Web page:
The more experienced Ortiz immediately pushed forward in opening round trying to bang away on the inside. A short hook and then a right uppercut penetrated the defenses of Cartagena who had his back to the ropes. Cartagena was trained well and spun of the ropes and returned fire with a thudding left hook to the body and a right hand up top. As the rounds progressed, Cartagena showed why he is a true fighter to keep on your radar as he rained down with precision like combinations that thudded off the gloves and head of the wily veteran. By the third round Cartagena was the one pressing the action with lightning quick combinations, while mixing in head and bodywork. Ortiz was game though and stood in there, even landing a short uppercut on the button in the fourth and final round. The uppercut only angered Cartagena who unleashed a heavy ten punch combination that force Ortiz to cover against the ropes. He had an iron beard though and fought his way to the final bell. All three judges saw the bout in favor of Cartagena by scores of 40-36 across the board.
Georgiy “The Chemist” Guralnik (3-0, 1KO) continued to step up in class with a hard fought four round unanimous decision victory over twenty fight veteran Taffo Asongwed (2-11-7). Many fighters at just their third fight would not have taken on a veteran like Asongwed who owned seven draws and had never been stopped, but not Guralnik who welcomed the opportunity.
The opening two rounds saw Guralnik win the exchanges in the center of the ring with the cagey Canadian. The heavy inside work from Guralnik in the first two rounds forced him to take a break in the third as Asongwed surged forward with his own right hands. Guralnik would get his second wind in the fourth round and went back to winning the exchanges on the inside right up until the final bell. All three judges saw it the same way 39-37 for Georgiy Guralnik giving him the well deserved unanimous decision victory.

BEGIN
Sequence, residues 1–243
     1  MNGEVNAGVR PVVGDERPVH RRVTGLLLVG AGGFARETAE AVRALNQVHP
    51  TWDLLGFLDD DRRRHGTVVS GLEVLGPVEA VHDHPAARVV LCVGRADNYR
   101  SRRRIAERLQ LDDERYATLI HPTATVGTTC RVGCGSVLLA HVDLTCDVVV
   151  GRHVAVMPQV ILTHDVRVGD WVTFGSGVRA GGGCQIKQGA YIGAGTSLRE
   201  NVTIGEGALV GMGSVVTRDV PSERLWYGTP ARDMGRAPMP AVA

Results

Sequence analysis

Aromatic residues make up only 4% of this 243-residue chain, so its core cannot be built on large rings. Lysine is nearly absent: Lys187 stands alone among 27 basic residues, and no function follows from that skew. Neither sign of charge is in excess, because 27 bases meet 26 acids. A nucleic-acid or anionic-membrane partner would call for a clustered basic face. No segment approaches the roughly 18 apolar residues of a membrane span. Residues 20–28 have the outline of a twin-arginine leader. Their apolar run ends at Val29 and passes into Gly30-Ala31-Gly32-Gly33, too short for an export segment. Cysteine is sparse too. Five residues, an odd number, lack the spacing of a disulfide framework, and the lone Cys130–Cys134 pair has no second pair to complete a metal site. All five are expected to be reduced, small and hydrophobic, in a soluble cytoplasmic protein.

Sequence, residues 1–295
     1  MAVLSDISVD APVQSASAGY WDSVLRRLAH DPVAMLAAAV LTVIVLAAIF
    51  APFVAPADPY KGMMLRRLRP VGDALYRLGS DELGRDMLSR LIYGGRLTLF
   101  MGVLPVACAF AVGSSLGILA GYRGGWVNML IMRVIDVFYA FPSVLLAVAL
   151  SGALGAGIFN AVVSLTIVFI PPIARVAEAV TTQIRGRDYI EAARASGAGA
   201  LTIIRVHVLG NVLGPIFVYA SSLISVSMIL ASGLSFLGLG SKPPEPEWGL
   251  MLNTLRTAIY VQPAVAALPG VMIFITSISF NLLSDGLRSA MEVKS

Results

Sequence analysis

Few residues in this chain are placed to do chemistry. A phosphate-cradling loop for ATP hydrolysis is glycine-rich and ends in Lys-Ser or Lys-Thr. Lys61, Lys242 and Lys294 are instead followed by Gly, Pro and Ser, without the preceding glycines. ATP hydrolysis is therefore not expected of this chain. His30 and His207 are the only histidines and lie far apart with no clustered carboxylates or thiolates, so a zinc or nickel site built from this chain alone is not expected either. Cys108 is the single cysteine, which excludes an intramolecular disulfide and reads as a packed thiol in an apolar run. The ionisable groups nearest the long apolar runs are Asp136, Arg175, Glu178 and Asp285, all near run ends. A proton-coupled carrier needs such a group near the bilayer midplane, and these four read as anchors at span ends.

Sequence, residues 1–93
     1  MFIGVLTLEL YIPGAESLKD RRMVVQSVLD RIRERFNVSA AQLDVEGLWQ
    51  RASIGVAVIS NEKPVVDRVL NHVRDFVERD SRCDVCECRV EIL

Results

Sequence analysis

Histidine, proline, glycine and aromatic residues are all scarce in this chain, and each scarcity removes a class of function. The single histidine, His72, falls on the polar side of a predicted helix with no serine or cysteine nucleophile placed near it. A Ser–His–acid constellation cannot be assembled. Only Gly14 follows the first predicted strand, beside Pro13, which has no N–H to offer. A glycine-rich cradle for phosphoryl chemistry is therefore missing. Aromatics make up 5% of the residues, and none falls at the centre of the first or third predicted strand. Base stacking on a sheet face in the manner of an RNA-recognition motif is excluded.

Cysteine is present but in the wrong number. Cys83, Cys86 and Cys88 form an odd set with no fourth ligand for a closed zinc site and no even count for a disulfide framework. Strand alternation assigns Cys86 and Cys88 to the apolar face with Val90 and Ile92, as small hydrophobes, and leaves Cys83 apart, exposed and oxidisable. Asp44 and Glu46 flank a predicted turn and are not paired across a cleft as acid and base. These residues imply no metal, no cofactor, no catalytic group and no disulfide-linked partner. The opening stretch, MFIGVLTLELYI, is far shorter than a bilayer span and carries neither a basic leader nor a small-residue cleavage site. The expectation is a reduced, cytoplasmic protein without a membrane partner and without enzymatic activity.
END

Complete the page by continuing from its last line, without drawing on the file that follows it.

In the opening bout of the evening, undefeated super middleweight John “Church Boy” Bowman (3-0-1) made the trip up from Dover Delaware a successful one, with a solid four round unanimous decision victory over Philly’s Brian “Wildman” Donahue (2-2).
The 23 year old John Bowman took the fight to a surprised Brain Donahue in the opening two rounds, pushing him to the ropes and banging good bodywork and sharp hooks up top. The rugged Philly brawler seemed shocked and looked to load up with big shots and many glanced off while he fought with his back to the ropes. As with most inside fights, there were many head butts, which led to cut over Donahue’s left eye early in the third. The cut and the will of Donahue made a late charge with a heavy barrage of powerful shots, but just couldn’t land the big blow to hurt Bowman, thus sending the fight to the scorecards. All three judges saw the bout in favor of John “Church Boy” Bowman by scores of 40-36 x 2 and 39-37 respectively.
Though Donahue was disappointed in the defeat, he definitely learned from the experience. “I could take his power but the head butts were killing me and I had trouble seeing from them. I now know what to expect from him next time and would like an immediate rematch if he will give it to me. It will be an even better fight next time and the fans will love it.